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It has been an eventful year in the Gulf. Against a backdrop of wider regional turmoil – the civil war in Syria and the overthrow of Egypt’s Mohammed Morsi (GSN 951/1) – the six Gulf Co-operation Council (GCC) states have been broadly stable, their political currents stirred but not redirected by events elsewhere. In Saudi Arabia, King Abdullah Bin Abdelaziz seemed keen to get his house in order, promoting several younger members of the Al-Saud, and delivering on a promise made in 2011 to appoint women to the Majlis Al-Shura (GSN 948/5, 946/6, 942/1, 941/1, 940/1, 939/20).

Iran | Saudi Arabia | Bahrain | Yemen | United Arab Emirates (UAE) | Iraq
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On 27 June 1995, the news that Sheikh Hamad Bin Khalifa Al-Thani had deposed his father, Qatar’s then emir Sheikh Khalifa Bin Hamad Al-Thani, made news bulletins across the world. A palace coup makes for good headlines: flanked by loyal officers, Hamad, then 43, told the cabinet: “I am not happy with what has happened but it had to be done and I had to do it.” His father, who was in a luxury hotel in Zurich at the time, described the usurpation as the “abnormal behaviour of an ignorant man”, though his protests faded as the level of support for Hamad became clear.

Qatar
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The rumour mills are grinding again after Crown Prince Sultan Bin Abdelaziz left the Kingdom on 28 August for what the state Saudi Press Agency described as a “private holiday”. Sultan has returned to his palace in Morocco, where he spent much of his time in 2009 convalescing from treatment.

Saudi Arabia
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Confronted with long-term concerns over the budget’s ability to support such huge levels of public spending (GSN 906/12), and more immediate criticism over governance issues – highlighted by new reports of corruption linked to subsidiaries of European aerospace giant EADS  – how wealth is shared out in Saudi Arabia is a hot issue that will not go away, with the ‘Arab Spring’ adding urgency to complaints that many citizens are excluded from jobs and social benefits.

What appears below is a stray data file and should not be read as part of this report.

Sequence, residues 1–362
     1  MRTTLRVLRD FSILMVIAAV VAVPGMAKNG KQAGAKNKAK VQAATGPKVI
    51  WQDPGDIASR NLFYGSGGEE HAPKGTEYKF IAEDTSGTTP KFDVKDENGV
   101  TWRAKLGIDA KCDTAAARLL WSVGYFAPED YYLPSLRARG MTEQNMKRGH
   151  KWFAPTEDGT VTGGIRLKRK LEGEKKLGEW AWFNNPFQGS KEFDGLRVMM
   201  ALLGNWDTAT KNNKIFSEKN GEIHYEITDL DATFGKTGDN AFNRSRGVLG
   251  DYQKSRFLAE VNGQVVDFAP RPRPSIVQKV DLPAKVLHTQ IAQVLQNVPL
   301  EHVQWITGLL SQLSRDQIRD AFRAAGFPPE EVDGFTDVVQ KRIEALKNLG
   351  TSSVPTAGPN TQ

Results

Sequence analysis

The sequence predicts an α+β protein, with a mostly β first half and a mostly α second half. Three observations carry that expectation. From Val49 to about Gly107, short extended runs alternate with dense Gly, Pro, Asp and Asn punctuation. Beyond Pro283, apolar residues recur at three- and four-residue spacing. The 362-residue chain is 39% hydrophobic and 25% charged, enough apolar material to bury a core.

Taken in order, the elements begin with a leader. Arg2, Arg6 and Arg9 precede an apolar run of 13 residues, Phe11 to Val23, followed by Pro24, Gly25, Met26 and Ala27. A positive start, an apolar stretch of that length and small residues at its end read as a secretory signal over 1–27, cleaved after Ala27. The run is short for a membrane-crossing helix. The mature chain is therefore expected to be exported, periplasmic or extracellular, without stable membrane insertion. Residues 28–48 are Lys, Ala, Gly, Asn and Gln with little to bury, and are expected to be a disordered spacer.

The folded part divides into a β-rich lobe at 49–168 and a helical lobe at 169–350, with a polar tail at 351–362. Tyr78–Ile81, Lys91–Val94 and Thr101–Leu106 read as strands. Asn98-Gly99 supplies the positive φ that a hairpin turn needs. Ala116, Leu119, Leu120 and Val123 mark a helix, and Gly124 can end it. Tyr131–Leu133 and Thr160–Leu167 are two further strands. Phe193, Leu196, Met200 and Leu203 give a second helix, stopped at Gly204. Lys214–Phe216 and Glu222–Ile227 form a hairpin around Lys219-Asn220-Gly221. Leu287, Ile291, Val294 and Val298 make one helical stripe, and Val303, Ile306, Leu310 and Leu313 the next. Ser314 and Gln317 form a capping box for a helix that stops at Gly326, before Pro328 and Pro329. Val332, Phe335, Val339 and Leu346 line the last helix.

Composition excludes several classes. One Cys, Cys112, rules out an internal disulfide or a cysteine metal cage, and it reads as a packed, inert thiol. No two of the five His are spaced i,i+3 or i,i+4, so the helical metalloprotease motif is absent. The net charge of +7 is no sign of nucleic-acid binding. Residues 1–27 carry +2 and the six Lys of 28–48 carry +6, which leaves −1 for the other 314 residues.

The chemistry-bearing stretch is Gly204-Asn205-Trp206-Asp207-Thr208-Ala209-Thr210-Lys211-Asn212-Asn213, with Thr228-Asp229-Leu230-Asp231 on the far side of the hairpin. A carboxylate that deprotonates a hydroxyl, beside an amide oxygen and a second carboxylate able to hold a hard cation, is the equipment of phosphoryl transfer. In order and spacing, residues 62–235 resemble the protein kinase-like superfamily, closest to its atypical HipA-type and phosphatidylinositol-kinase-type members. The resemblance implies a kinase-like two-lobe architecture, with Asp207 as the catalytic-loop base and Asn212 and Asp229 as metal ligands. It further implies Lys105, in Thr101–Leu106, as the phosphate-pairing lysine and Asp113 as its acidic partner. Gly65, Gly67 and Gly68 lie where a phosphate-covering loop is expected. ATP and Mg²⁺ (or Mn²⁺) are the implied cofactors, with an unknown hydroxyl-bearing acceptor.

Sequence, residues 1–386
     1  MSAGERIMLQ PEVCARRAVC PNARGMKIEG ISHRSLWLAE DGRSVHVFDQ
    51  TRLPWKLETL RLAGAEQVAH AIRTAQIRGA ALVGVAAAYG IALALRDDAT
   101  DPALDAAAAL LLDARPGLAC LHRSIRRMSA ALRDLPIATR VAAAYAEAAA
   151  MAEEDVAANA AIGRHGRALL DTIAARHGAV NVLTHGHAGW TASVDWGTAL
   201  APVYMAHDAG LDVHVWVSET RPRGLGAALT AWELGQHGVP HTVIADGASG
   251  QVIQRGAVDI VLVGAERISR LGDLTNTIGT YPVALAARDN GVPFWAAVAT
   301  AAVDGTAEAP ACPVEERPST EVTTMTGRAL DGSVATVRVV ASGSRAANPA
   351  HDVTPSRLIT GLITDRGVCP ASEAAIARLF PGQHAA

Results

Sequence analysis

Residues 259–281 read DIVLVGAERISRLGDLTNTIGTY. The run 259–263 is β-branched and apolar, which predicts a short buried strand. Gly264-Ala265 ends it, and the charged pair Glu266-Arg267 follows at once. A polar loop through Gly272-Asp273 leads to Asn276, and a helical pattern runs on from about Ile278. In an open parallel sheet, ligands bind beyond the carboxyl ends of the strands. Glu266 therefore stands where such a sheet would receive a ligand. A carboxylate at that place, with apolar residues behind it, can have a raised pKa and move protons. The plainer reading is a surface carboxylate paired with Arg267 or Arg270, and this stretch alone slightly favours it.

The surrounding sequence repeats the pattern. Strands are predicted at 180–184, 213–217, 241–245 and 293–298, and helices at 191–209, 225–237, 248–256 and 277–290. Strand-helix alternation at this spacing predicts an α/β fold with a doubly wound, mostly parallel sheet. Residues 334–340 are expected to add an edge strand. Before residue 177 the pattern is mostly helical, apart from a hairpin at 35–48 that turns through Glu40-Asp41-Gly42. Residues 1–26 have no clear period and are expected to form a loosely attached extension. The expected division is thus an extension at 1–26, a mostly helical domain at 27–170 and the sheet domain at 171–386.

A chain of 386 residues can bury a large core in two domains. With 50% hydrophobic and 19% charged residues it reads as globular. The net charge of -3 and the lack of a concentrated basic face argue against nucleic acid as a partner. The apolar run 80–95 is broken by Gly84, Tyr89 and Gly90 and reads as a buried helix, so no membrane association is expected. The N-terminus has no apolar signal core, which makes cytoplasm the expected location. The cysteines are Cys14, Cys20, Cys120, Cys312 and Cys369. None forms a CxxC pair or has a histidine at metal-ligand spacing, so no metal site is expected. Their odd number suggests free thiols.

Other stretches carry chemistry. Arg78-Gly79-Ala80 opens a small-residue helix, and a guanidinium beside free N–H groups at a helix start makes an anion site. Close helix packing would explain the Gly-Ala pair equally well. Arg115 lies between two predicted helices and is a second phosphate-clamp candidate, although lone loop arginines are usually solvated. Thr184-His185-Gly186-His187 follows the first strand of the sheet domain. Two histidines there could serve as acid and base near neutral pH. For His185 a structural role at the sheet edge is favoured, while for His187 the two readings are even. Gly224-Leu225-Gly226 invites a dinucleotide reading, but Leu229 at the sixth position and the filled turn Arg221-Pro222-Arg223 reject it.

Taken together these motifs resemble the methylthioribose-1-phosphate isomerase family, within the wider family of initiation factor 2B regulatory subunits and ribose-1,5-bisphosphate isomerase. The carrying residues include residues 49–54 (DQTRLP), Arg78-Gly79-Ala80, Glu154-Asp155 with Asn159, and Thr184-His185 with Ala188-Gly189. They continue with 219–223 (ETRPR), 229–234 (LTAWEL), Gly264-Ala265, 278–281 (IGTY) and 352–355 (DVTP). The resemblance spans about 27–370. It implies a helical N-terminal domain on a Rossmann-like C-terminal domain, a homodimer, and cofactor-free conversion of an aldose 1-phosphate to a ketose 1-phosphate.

Saudi Arabia
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Any discussion of Saudi politics and business quickly turns to questions about the influence of Al-Saud princes and other key players in the royal pecking order, and who will succeed King Abdullah Bin Abdelaziz. For those seeking to understand the trajectory of Saudi politics, there is meaning to be found (or, at least, sought) in appointments and dismissals. The naming of Prince Mohammed Bin Salman as head of the court of his father Crown Prince Salman, for example, may shed a glimmer of light on what lies ahead for him and other ‘third-generation princes’, as they move closer to the pinnacles of power.

Saudi Arabia
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The Mena region’s polities are very different from the post-colonial nation states and newly independent emirates created during the Cold War that moulded geopolitics in GSN’s formative years. Challenges from non-state actors and the evolution of city-based ‘benign autocracies’ now point to alternative political configurations. It is legitimate to question whether Gulf monarchies based on pre-colonial tribal and family structures will persist beyond the coming decades, in a region buffeted by ‘non-state actors’ such as Islamic State, and riven by sectarian conflicts and demands for a more equitable distribution of resources.

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King Salman Bin Abdelaziz’s hospitalisation on 20 July showed the 84 year-old’s vulnerability, but also that the monarch since 2015 has lost none of the tough spirit that long made him the royal family ‘enforcer’ and mediator. Following the successful removal of his gallbladder, Salman chaired a cabinet meeting from hospital on 22 July, highlighting his legendary work ethic and allaying immediate concerns of his demise. However, by advertising the king’s frailties, the episode set Saudi-watchers once again to focusing on the succession. One school of thought has it that Salman’s infirmity might provide a credible excuse to justify his abdication – almost certainly in favour of Crown Prince Mohammed Bin Salman (MBS).